Zero-waste Olympic event earns IU Natatorium an Environmental Innovator of the Year Award

The image caption followsView print quality image
The IU Natatorium was the first Olympic event to have a zero-waste designation and continues to be a leader in environmentally friendly practices. Liz Kaye, IU Communications

The idea of switching from plastic to environmentally friendly bags to hold purchases from the IU Natatorium's ProShop led the "fastest pool in the world" to become the first athletic facility in Indiana to achieve zero waste.

Now the Natatorium and the Office of Sustainability at Indiana University-Purdue University Indianapolis are receiving national recognition for their efforts.

On June 28, the Green Sports Alliance will present its annual Environmental Innovators of the Year Award, which recognizes the "first, the greenest, the best in sports and sustainability." The Office of Sustainability will be among a dozen organizations receiving the award.

The Natatorium accomplished its innovative feat in June 2016 when it hosted the Olympic Diving Trials, making the trials the first Olympic event to have a zero-waste designation. Being a zero-waste venue means that by weight, 90 percent of all waste must be recycled or composted; only 10 percent may be disposed of as trash.

In terms of recognition for the zero-waste initiative, "this is the best I could have hoped for," said Jessica Davis, director of the Office of Sustainability at IUPUI. "The Green Sports Alliance is the leading international organization in the field of sports and sustainability. Getting recognized on this level is a whole different thing for us."

Thinking back to the day a better Natatorium ProShop bag was discussed, Davis said, "The door cracked open and I just busted right through."

The conversation quickly morphed from which bag type was best suited for the venue to how the IU Natatorium could work toward something bigger.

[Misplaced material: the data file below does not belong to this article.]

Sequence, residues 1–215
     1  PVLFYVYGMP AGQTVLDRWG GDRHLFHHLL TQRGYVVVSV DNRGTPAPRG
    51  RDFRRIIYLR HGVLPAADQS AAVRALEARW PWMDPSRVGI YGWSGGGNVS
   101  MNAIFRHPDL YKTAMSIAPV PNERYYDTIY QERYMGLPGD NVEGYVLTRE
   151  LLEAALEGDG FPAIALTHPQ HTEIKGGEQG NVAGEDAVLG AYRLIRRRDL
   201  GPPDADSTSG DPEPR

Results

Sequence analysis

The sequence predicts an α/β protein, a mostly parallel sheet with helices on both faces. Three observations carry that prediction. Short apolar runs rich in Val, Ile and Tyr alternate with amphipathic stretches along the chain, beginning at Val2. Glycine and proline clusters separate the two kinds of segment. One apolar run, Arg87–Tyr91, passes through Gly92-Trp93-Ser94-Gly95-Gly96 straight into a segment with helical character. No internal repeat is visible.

The image caption followsView print quality image
The newly renovated IU Natatorium is being recognized for its many successes as a zero-waste and energy-efficient facility. Liz Kaye, IU Communications

The timing could not have been better. A $20 million renovation of the Natatorium had just been completed, and there was a sustainability story to tell. Lighting upgrades to the facility would result in 43 percent less energy usage than before the renovation. The filtration systems for the competition and diving pools were replaced, reducing water usage by 65 percent and filtration energy by 25 percent. All traditional water fountains were replaced with reusable water-bottle filling stations.

With national television coverage of the 2016 Olympic Diving Trials, as well as fans and athletes visiting from across the country, the event provided the perfect platform for telling the IU Natatorium's sustainability story.

Zero-waste operational changes meant, among other things, meeting with food service providers to examine all food products typically offered at concessions in the Natatorium.

"We sorted them as recyclable, compostable and trash and worked at eliminating trash items," Davis said. "We essentially eliminated trash from the food products that were offered."

With 10 partners involved -- IUPUI Sustainability, IUPUI Food Services/Chartwells, IUPUI Campus Facility Services, IU Herron School of Art and Design, IU Natatorium, Indiana Sports Corp., USA Diving, Olympic Local Organizing Committee, Ray's Trash, and GreenCycle of Indiana -- the impact of this program was felt across the Indianapolis athletic community, as well as the Olympic community. Citizens Energy Group and Busch Systems also recognized this potential and supported the zero-waste initiative as sponsors.

Davis and community partners, including Butler University, are now working to make zero waste an ongoing proposition, rather than a one-time event.

"The big issue that we're addressing right now is that in order to really be zero waste, you need to have long-term collection of food waste," she said. "In Marion County, there is hardly any infrastructure for collecting and hauling food waste.

"You can collect food waste and there are places to dispose of it, but the missing piece is having it picked up and taken to a disposal site. There hasn't been anyone in Marion County collecting food waste on a commercial basis.

"Once we can solve that piece of it, zero waste becomes something that is sustainable and achievable in the long term because the costs are then shared among all of the organizations having their food waste collected. Until that piece is addressed, zero waste almost had to be a one-off, because the cost was so astronomical for us to do it by ourselves long-term," Davis said.

Davis is hopeful that she and her partners in the community can develop a commercial-scale food-waste hauling route within six months, serving not only IUPUI and Butler but other entities in Marion County, including museums, hospitals and schools.